we make our statements less cumbersome. Some of the statements may not be true about the founder of the school; yet they remain true about the school.
Aristotle (384-322 b.c.) was born in Stagira, Greece. He was the son of a physician and had marked predilection for natural history and a distinct dislike for mathematics. Plato, who is considered the 'father of mathematicians', was his teacher. Early in his career Aristotle reacted strongly against the mathematical philosophy of his teacher, and began to build up his own system, which had a strongly biological bias and character. Psycho-logically, Aristotle was a typical extrovert, who pro j ects all his internal processes on the outside world and objectifies them: so his reaction against Plato, the typical introvert, for whom 'reality' was all inside, was a natural and rather an inevitable consequence. The struggle between these two giants was typical of the two extreme tendencies which we find in practically all of us, as they represent two most diverse, and yet fundamental psycho-logical tendencies. In 1933 we know that either of these extremes in our make-up is undesirable and un-sound, in science as well as in life. In science, the extreme extroverts have introduced what might be called gross empiricism, which, as such, is a mere el fiction - practically a delusion. For no 'facts' are ever free from 'doctrines' : so whoever fancies he can free himself from 'doctrines', as expressed in the structure of the language he uses., simply cherishes a delusion, usually with strong affective components. The extreme introverts, on the other hand, originated what might be called the 'idealistic philosophies', which in their turn become el delusions. We should not overlook the fact that both these tendencies are el and structurally fallacious. Belief in the separate existence of el, and, therefore, fictitious, entities must be considered as a structurally un-sound s.r and accounts in a large degree for many bitter fights in science and life.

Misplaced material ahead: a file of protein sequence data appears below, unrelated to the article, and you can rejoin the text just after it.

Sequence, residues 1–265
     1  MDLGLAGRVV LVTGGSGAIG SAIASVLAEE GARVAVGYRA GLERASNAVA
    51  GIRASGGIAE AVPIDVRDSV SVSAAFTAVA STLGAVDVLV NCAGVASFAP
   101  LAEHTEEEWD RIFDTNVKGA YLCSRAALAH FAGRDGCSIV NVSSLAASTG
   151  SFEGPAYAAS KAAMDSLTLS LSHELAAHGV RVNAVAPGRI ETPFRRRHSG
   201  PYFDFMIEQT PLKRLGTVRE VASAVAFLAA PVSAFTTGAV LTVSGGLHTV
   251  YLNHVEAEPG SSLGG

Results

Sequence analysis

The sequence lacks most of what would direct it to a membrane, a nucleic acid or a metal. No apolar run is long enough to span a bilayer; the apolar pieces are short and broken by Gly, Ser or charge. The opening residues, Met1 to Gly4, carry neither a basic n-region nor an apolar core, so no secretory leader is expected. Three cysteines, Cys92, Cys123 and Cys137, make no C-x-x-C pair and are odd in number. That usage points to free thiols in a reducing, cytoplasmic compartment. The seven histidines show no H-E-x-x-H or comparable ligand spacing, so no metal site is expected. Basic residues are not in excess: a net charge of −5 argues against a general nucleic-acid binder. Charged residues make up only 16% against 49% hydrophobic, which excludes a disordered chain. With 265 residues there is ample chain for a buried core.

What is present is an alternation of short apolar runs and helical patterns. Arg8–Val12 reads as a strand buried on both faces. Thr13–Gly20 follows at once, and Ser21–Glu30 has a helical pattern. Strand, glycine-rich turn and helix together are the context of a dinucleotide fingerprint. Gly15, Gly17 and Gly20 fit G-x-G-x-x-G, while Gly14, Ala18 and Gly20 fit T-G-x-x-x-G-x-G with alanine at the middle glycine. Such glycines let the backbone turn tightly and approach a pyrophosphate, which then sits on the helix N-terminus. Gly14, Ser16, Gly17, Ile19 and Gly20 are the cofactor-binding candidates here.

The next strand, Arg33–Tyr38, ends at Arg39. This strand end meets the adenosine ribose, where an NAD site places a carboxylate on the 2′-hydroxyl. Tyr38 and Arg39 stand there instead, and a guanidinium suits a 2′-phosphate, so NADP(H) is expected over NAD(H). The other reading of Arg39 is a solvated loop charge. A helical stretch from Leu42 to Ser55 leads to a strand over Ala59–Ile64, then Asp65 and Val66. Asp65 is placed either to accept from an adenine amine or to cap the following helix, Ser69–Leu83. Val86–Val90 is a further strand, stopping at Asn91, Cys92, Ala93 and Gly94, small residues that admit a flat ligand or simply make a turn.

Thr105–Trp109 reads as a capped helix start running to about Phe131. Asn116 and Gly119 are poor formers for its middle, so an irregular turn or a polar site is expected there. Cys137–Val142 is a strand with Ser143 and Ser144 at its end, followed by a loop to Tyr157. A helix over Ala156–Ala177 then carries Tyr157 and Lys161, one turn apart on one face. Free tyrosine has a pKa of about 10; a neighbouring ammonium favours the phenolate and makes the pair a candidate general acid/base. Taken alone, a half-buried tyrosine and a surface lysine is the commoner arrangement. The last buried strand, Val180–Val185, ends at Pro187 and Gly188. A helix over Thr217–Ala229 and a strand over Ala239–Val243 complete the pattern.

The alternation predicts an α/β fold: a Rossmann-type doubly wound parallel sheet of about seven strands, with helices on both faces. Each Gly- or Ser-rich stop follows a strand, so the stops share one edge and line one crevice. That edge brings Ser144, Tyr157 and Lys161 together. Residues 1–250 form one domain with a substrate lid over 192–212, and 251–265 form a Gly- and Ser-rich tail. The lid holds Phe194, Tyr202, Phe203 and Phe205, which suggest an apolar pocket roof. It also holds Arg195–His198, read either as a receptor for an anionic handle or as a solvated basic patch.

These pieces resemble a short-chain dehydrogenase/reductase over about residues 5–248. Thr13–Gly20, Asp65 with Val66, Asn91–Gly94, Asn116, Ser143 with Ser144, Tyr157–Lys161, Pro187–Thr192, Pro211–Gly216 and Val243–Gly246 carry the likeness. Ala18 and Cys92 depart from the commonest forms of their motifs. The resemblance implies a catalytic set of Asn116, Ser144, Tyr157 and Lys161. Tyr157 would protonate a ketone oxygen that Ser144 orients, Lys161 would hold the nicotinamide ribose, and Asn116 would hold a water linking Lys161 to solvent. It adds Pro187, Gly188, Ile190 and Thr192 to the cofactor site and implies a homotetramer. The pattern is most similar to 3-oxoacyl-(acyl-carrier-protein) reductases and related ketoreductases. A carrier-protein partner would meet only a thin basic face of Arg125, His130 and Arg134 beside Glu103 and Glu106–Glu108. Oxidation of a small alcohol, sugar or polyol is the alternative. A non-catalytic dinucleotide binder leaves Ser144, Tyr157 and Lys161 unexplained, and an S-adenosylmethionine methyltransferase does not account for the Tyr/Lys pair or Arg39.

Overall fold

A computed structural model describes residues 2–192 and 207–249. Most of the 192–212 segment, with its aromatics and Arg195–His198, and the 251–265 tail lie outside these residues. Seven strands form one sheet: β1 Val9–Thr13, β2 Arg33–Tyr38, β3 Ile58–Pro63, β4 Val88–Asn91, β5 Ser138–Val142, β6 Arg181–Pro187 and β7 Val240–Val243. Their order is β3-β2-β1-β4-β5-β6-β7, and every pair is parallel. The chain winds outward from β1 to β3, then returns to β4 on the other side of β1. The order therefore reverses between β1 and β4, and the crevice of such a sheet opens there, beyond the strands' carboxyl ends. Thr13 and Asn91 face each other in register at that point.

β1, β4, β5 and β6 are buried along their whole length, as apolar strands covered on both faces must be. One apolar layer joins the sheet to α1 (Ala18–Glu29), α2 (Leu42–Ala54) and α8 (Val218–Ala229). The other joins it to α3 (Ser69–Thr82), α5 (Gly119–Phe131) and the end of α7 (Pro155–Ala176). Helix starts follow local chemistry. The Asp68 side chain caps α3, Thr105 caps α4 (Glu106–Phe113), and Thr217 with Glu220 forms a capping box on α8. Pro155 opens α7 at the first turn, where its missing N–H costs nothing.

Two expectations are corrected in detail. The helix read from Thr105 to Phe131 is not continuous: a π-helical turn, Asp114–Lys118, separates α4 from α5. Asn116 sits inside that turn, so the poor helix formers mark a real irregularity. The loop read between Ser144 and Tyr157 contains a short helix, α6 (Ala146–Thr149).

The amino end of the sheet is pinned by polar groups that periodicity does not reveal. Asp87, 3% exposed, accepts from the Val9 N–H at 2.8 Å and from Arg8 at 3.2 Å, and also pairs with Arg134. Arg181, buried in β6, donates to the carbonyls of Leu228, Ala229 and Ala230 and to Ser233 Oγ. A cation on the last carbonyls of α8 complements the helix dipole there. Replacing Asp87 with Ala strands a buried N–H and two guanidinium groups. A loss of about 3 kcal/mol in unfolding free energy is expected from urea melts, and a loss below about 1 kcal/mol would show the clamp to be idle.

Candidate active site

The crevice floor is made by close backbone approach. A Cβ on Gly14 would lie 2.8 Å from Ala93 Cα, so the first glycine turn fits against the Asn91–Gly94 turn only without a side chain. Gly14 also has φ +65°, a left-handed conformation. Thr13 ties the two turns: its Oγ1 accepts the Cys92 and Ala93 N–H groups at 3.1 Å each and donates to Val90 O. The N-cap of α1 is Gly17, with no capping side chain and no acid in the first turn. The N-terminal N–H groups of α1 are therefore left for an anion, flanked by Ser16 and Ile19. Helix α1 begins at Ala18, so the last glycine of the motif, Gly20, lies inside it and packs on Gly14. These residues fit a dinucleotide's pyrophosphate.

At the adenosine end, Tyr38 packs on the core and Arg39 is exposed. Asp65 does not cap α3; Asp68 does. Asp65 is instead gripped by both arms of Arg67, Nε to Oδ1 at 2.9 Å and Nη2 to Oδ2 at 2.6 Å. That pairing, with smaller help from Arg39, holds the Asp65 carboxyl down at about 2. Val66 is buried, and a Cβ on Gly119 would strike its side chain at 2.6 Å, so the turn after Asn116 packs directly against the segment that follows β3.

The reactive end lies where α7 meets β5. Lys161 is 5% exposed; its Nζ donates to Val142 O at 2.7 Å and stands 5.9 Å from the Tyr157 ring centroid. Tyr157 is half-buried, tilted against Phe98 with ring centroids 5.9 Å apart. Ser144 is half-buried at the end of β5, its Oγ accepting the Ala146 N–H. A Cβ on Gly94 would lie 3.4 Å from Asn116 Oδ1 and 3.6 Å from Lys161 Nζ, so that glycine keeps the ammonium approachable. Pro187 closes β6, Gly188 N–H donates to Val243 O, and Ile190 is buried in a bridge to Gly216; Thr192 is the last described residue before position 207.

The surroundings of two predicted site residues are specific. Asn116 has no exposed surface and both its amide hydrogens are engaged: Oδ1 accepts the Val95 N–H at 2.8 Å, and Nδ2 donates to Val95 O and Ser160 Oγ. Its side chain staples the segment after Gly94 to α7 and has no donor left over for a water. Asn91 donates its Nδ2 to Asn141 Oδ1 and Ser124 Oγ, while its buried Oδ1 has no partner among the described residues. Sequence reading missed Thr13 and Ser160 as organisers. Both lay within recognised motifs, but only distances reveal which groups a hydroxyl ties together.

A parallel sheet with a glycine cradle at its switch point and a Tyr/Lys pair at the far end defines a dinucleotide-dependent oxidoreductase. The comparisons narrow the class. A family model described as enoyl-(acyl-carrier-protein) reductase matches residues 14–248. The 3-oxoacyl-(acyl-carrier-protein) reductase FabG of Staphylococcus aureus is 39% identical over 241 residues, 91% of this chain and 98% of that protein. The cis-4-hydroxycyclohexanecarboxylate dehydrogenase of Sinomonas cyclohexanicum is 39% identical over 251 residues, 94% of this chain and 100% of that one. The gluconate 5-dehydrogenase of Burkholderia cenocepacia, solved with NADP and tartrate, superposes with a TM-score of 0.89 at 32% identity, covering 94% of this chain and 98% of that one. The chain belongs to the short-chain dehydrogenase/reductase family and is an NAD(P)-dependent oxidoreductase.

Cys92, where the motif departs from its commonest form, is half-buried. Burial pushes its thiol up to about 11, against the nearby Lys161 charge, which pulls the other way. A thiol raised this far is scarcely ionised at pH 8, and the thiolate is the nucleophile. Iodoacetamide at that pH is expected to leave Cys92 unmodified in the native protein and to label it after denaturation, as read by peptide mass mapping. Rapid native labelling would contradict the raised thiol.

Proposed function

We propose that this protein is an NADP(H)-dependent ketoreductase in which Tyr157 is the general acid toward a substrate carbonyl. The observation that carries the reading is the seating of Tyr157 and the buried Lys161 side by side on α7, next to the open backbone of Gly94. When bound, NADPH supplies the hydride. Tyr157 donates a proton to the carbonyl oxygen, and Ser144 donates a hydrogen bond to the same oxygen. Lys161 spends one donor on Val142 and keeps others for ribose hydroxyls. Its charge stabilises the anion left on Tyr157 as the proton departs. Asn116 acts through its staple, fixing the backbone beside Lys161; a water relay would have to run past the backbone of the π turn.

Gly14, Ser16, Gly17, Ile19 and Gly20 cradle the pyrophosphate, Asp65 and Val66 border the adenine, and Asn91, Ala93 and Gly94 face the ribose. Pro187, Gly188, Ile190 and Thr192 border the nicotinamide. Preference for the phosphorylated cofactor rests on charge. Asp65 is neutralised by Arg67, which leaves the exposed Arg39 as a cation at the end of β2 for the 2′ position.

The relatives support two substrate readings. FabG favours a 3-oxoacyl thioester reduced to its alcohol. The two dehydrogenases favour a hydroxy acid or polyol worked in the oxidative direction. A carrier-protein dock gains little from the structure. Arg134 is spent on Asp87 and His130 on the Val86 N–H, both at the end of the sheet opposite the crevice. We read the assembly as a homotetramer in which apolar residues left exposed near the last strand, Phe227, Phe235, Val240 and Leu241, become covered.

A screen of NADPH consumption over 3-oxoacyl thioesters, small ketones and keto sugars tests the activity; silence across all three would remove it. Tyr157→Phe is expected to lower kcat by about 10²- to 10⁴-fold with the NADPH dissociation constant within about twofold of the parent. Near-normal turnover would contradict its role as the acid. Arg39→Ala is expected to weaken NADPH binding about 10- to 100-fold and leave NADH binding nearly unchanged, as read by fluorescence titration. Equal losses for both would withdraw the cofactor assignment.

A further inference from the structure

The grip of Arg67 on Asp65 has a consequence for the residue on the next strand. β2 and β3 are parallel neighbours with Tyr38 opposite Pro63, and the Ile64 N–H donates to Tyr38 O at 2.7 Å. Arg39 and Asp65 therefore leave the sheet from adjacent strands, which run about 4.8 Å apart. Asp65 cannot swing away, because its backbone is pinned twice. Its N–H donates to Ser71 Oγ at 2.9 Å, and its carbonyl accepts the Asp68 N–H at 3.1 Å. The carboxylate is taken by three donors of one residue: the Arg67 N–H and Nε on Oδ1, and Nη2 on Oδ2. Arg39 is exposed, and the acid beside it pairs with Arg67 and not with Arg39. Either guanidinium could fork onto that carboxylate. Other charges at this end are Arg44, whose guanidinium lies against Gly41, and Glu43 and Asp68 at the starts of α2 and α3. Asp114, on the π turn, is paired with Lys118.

In asylums, these two tendencies are sometimes very obvious. The extreme extrovert is found mostly among the paranoiacs; the extreme introvert among cases of schizophrenia (dementia praecox). Between the two extremes we find all possible shades and degrees represented in daily life as well as in asylums. Both extreme tendencies involve harmful s.r, because both produce delusions of some elementalism which, as such, is always fictitious and impossible. 'Mentally' ill are often characterized by s.r involving this capacity for building for themselves fictitious worlds in which they can find refuge from actual life. If we, who live outside of asylums, act as if we lived in a fictitious world - that is to say, if we are consistent with our beliefs - we cannot adjust ourselves to actual conditions, and so fall into many avoidable semantic difficulties.